While former NSA contractor Edward Snowden revealed that gaping security holes still exist of classified government information, the Obama administration has been waging a government-wide crackdown of security vulnerabilities since 2011 with its “Insider Threat Task Force”.

Soon after Army Pfc. Bradley Manning leaked hundreds of thousands of documents to WikiLeaks in October, 2011, President Obama issued an executive order that created a Insider Threat Task Force. The intent of this Insider Threat Task Force is “deterring, detecting, and mitigating insider threats, including the safeguarding of classified information from exploitation, compromise, or other unauthorized disclosure, taking into account risk levels, as well as the distinct needs, missions, and systems of individual agencies.”

Yet the program has given far-reaching latitude to federal agencies who have been able to interpret the definition of “insider threat” to pursue and penalize for a wide range of other conduct, reported McClatchy’s Washington Bureau. The program presses managers and employees of federal agencies to monitor their co-workers for “indicators” such as stress, divorce and financial problems and report them. Those who fail to report such signs could even face criminal charges. Leaks to the media are considered espionage.

“The divorce thing is a real odd one,” said David Johnson, University of South Florida historian and author, in MSNBC. “It sounds familiar. If you’re psychologically weak, if you have personal problems, then this makes you susceptible to other bad stuff,” he said, noting similarities with the federal government’s drive to weed out homosexuals during the cold war.

This has helped create “toxic work environments poisoned by unfounded suspicions and spurious investigations of loyal Americans,” according to current and former officials and experts, McClatchy reported.

Plus, the policy could threaten creative thinking within federal agencies, said Ilana Greenstein, a former CIA case officer who quit after being accused of being a security risk, in McClatchy.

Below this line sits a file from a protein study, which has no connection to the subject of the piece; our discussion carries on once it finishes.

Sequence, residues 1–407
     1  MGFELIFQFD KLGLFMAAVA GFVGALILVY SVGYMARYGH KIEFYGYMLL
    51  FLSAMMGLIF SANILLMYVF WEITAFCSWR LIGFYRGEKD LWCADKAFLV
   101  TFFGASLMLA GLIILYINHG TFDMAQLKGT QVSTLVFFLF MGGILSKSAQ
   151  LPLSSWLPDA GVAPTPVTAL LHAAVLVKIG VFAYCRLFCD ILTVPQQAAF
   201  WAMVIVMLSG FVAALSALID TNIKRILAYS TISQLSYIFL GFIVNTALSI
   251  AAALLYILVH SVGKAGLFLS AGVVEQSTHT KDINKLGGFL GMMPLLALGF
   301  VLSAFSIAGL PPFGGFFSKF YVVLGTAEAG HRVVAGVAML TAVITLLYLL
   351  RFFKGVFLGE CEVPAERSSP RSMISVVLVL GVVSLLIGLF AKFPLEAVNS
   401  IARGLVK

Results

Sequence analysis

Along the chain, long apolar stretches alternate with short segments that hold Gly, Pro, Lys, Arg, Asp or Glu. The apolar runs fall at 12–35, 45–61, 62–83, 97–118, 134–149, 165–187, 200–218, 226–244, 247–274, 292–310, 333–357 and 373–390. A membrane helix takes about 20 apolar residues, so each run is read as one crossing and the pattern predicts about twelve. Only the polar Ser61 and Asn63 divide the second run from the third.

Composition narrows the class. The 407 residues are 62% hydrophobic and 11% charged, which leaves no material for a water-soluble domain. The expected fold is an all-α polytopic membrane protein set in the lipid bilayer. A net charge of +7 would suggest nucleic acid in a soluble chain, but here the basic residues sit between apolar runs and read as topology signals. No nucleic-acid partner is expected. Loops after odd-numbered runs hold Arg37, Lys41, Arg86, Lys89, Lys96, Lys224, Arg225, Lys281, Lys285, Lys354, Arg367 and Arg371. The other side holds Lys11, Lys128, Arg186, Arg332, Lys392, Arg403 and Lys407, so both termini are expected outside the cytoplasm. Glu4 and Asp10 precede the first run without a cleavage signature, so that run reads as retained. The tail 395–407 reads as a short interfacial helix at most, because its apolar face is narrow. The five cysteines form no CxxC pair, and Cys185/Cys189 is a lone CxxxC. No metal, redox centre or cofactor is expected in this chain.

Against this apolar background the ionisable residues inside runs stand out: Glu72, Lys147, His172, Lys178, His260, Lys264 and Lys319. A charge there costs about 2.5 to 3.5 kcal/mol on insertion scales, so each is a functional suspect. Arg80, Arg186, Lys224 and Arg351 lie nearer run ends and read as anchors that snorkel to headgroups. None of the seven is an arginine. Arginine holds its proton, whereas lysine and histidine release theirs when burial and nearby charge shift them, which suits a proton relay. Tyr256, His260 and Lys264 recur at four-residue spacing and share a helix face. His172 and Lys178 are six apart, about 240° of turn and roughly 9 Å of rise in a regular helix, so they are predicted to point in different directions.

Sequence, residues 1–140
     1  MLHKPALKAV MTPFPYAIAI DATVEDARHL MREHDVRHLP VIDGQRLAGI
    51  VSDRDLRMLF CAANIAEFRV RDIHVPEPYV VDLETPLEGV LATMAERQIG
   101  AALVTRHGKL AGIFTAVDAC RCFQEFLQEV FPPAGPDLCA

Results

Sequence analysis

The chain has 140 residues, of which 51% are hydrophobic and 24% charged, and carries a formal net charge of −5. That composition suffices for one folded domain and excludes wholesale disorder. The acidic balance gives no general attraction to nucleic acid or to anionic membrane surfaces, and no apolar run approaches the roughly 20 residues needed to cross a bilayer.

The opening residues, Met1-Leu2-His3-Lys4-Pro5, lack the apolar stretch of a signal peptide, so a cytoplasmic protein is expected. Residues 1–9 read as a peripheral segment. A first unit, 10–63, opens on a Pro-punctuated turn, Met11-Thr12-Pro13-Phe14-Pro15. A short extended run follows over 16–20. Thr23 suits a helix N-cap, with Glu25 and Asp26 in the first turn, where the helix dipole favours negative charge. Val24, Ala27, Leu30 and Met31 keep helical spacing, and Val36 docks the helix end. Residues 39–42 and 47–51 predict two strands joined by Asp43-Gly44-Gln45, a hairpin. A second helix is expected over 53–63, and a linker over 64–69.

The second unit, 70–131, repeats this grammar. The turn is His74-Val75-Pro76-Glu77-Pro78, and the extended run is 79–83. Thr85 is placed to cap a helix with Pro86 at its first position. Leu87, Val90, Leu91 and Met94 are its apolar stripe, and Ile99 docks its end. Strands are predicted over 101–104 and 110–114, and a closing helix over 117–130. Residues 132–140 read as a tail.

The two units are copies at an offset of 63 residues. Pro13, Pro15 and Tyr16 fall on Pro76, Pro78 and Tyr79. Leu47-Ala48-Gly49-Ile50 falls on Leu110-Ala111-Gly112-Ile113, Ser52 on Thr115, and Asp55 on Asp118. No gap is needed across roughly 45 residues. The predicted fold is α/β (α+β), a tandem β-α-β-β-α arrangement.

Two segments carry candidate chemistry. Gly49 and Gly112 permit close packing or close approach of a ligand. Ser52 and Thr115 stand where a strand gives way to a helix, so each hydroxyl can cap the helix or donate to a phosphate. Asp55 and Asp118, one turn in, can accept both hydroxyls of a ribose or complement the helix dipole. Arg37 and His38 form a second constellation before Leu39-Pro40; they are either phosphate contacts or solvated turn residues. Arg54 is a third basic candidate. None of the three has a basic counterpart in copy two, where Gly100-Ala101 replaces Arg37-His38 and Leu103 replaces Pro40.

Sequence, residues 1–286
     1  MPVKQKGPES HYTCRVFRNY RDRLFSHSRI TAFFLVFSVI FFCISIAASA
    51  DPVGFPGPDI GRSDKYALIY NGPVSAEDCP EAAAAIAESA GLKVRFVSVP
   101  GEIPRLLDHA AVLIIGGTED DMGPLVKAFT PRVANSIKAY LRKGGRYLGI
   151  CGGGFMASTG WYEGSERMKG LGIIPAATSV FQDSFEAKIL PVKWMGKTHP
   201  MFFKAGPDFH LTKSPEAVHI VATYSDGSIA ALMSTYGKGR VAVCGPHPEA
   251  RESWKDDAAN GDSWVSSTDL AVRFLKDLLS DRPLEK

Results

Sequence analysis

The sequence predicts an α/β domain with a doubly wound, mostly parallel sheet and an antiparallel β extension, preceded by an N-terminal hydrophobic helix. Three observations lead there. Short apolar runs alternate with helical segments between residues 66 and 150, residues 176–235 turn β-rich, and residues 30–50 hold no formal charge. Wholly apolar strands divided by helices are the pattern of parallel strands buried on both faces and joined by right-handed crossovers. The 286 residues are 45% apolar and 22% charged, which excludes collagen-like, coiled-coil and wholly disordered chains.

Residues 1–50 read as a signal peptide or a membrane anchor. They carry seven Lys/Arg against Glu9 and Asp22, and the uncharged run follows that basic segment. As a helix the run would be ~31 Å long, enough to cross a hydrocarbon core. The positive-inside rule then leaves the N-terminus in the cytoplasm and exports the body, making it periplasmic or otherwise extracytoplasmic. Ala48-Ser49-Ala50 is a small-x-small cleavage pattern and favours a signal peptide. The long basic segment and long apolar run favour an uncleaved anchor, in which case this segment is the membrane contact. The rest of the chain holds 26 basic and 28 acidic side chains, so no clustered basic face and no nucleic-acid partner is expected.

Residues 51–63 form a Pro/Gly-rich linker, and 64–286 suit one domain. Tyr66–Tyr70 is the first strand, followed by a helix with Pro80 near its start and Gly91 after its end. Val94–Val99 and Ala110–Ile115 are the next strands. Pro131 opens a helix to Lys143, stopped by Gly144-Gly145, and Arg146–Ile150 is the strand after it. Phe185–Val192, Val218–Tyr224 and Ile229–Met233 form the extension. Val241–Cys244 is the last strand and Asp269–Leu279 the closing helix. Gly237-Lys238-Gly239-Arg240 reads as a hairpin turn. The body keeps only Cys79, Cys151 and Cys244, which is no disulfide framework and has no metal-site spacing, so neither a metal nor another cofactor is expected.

“The real danger is that you get a bland common denominator working in the government,” Greenstein said. “You don’t get people speaking up when there’s wrongdoing. You don’t get people who look at things in a different way and who are willing to stand up for things. What you get are people who toe the party line, and that’s really dangerous for national security.”

Yet the executive order also establishes protection for whistleblowers who report official waste, fraud or abuse through the proper channels.

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Chandler Harris is a freelance business and technology writer located in Silicon Valley. He has written for numerous publications including Entrepreneur, InformationWeek, San Jose Magazine, Government Technology, Public CIO, AllBusiness.com, U.S. Banker, Digital Communities Magazine, Converge Magazine, Surfer's Journal, Adventure Sports Magazine, ClearanceJobs.com, and the San Jose Business Journal. Chandler is also engaged in helping companies further their content marketing needs through content strategy, optimization and creation, as well as blogging and social media platforms. When he's not writing, Chandler enjoys his beach haunt of Santa Cruz where he rides roller coasters with his son, surfs and bikes across mountain ranges.